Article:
Reputation of Gardai must not be a casualty of Coalition dithering
Published 24/02/2014 | 02:30
THERE is more than a suggestion that Alan Shatter and the rest of the Government do not entirely grasp how potentially serious these rolling controversies about An Garda Siochana really are.
The seeds of doubt have been sown about the force which has enjoyed an 80pc public approval rating in recent times.
But let's be utterly frank about police popularity.
The whole nature of policing is based on something of a Faustian pact. Good citizens agree to submit to a form of de facto coercion to ensure law and order are upheld in the greater society.
To make it work, the general populace must have broad trust in the policemen and policewomen who have a good deal of direct power.
As someone who lived for over a decade in Belgium, spent almost three years in France, and also lived for periods in Netherlands and Germany, I rather like An Garda Siochana.
It is a citizens' police force whose members for the most part do their best. In the dark days of the 1970s and 1980s, the gardai stood their ground and defended against considerable subversive threats from so-called republicans and others.
Just two years ago, an IPSOS MRBI poll found that only 19pc of Irish people mistrusted the gardai.
Their confidence rating was second only to doctors, who had a 90pc trust rating, but they were ahead of judges who had a rating of 71pc, civil servants who were on 60pc, and well ahead of my own trade of journalism, with journalists trusted by 42pc of people.
But this is a fragile trust in the gardai which can be seriously damaged if current events are not correctly handled by our Government.
Anecdotally, we know that across the country, solid middle-class citizens are quietly rehearsing their misgivings with neighbours, colleagues and friends.
These are not the kind of people to shout about negative attitudes to the gardai.
They will keep their counsel and express their feelings at the ballot box in upcoming local and European elections and perhaps, if this uncertainty persists, in the general election now just two years away.
This one could seriously cost Fine Gael and Labour – and sooner than they think.
For the past fortnight we have had the venting of understandable tension between An Garda Siochana and their oversight body, the Garda Siochana Ombudsman Commission (GSOC). It is clear that there are flaws in the oversight system.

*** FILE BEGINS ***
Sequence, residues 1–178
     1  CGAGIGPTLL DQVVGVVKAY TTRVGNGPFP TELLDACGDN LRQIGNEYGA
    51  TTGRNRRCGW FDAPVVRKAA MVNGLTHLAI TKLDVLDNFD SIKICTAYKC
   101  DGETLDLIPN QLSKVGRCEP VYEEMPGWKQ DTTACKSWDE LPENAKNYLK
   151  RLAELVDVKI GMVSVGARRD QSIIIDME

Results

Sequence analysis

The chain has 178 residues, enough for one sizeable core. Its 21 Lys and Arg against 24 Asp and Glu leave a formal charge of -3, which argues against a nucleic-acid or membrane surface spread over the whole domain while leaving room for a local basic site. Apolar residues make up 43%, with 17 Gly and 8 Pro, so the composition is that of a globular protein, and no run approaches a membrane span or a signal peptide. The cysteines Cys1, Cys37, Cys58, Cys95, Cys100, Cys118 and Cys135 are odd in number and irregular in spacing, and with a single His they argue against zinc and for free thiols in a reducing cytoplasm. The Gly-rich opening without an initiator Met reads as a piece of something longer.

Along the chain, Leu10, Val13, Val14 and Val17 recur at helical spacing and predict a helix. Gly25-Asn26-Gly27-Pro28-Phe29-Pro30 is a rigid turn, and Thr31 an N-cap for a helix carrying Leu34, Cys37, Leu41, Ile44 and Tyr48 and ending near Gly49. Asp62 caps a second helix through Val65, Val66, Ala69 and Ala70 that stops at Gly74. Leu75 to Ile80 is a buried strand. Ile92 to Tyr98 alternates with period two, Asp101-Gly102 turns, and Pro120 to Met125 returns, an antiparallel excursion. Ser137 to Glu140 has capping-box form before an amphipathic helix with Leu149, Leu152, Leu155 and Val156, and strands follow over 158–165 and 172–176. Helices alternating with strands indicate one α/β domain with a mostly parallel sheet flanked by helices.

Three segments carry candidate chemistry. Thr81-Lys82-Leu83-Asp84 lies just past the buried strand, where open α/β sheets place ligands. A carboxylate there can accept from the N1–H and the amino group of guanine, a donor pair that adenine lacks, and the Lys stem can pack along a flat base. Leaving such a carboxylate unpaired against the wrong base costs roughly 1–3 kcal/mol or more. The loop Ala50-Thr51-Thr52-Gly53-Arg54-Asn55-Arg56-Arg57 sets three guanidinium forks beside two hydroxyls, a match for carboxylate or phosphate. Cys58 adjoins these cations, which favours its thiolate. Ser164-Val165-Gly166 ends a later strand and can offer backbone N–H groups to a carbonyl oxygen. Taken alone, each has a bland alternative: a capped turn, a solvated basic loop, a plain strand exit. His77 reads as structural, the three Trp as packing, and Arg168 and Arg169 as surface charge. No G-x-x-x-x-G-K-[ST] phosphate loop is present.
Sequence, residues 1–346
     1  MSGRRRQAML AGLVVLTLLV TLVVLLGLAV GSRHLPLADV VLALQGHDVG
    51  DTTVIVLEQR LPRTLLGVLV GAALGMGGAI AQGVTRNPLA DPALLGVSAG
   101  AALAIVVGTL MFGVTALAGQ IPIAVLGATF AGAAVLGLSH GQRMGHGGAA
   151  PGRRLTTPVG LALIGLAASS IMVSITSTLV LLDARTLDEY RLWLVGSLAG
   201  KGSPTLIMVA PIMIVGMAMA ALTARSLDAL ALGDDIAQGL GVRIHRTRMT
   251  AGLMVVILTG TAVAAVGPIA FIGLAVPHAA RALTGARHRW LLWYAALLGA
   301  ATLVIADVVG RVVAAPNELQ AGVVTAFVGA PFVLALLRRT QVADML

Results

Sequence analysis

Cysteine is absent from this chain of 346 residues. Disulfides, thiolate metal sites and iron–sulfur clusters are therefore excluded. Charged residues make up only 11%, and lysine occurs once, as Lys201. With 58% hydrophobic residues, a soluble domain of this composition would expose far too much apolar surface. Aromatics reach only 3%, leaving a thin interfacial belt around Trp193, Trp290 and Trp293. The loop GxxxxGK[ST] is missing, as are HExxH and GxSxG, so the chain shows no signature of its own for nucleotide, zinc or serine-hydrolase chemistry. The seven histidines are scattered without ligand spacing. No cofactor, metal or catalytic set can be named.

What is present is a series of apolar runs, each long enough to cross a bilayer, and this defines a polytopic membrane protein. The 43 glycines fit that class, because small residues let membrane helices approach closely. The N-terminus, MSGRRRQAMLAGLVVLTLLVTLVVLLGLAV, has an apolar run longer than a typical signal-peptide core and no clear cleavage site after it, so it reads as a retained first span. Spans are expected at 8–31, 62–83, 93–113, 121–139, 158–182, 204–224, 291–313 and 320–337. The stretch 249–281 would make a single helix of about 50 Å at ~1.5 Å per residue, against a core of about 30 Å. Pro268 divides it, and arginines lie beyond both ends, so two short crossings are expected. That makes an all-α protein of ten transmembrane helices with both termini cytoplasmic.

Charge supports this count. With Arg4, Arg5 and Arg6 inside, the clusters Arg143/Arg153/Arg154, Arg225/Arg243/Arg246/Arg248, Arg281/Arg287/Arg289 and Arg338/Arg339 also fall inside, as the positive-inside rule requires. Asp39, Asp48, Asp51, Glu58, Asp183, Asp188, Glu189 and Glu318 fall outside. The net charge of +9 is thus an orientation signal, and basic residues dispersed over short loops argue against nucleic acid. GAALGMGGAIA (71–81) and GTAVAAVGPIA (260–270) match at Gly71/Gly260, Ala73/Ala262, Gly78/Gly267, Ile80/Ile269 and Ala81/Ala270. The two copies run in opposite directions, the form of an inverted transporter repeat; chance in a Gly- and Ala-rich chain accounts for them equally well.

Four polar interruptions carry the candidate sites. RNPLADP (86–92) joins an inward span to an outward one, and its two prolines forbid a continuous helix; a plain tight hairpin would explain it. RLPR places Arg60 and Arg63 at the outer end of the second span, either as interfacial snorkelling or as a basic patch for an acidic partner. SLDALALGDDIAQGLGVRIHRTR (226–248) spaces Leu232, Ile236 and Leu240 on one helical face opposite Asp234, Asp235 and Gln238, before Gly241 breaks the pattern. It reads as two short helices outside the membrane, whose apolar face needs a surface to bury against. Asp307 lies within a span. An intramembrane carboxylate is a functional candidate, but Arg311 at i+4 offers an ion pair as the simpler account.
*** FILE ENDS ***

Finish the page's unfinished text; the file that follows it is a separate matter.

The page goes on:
It is even more clear that the Government delayed far too long in setting up a judicial review of the controversy about alleged surveillance at GSOC headquarters. Had Mr Shatter moved a week earlier than he did in appointing Mr Justice John Cooke, a lot of damaging controversy and speculation could have been spared.
But hot on Judge Cooke's appointment came even more damaging allegations put into the public domain by Fianna Fail leader Micheal Martin, who took the baton from Independent Wexford TD Mick Wallace.
Mr Martin has successfully stoked up some middle-class angst about our justice system.
The Fianna Fail leader has dealt on a person-to-person basis with An Taoiseach Enda Kenny by passing on details of some worrying allegations.
Mr Kenny responded in kind by saying this was all above party politics and he would study all the issues involved.
All good stuff on both sides. But Mr Kenny and his cabinet colleagues must know that they cannot hang about here.
Each extra day they take to formulate a response risks being filled with further damaging speculation and allegations.
The big missing piece is a meaningful response from the Justice Minister himself.
At the end of last week he was abroad on EU business and the weekend was taken up with reviewing documentation on these allegations.
We need to know if Mr Martin's allegations are true.
Did Mr Shatter have these allegations for two years about shortcomings in serious crime investigations, including abduction and murder, over the years 2007-2009?
Is it true Mr Shatter did nothing since he got these dossiers in January 2012? If it is untrue, what did Mr Shatter actually do?
The great irony of where we find ourselves right now is that we could be greatly helped by a strong system of garda oversight.
But, given the unresolved current state of things, it is not certain that giving these allegations to GSOC would help allay public anxiety. That of itself tells us that we urgently need a review of the powers and structures available to GSOC.
It is not clear that the bulk of allegations furnished by garda whistleblowers to the Fianna Fail leader will in fact stand up to general scrutiny.
But now that they have been tabled, they must be scrutinised.
Perhaps the best way of doing this would be to task a second senior judge to take on this work. That would help allay public fears and modify the tone of public discourse about these serious matters.